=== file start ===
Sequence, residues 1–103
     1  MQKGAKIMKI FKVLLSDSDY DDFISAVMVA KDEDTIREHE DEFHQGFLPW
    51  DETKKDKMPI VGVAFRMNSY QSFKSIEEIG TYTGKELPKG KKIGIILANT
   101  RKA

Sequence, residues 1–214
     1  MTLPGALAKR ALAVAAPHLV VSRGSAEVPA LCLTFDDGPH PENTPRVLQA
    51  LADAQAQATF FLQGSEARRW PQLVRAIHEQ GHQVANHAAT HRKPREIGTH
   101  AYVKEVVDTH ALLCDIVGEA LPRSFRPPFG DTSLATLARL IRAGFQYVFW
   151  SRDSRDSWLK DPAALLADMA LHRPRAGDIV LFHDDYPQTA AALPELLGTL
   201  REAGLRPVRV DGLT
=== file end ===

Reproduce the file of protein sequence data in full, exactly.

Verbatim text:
Sequence, residues 1–103
     1  MQKGAKIMKI FKVLLSDSDY DDFISAVMVA KDEDTIREHE DEFHQGFLPW
    51  DETKKDKMPI VGVAFRMNSY QSFKSIEEIG TYTGKELPKG KKIGIILANT
   101  RKA

Sequence, residues 1–214
     1  MTLPGALAKR ALAVAAPHLV VSRGSAEVPA LCLTFDDGPH PENTPRVLQA
    51  LADAQAQATF FLQGSEARRW PQLVRAIHEQ GHQVANHAAT HRKPREIGTH
   101  AYVKEVVDTH ALLCDIVGEA LPRSFRPPFG DTSLATLARL IRAGFQYVFW
   151  SRDSRDSWLK DPAALLADMA LHRPRAGDIV LFHDDYPQTA AALPELLGTL
   201  REAGLRPVRV DGLT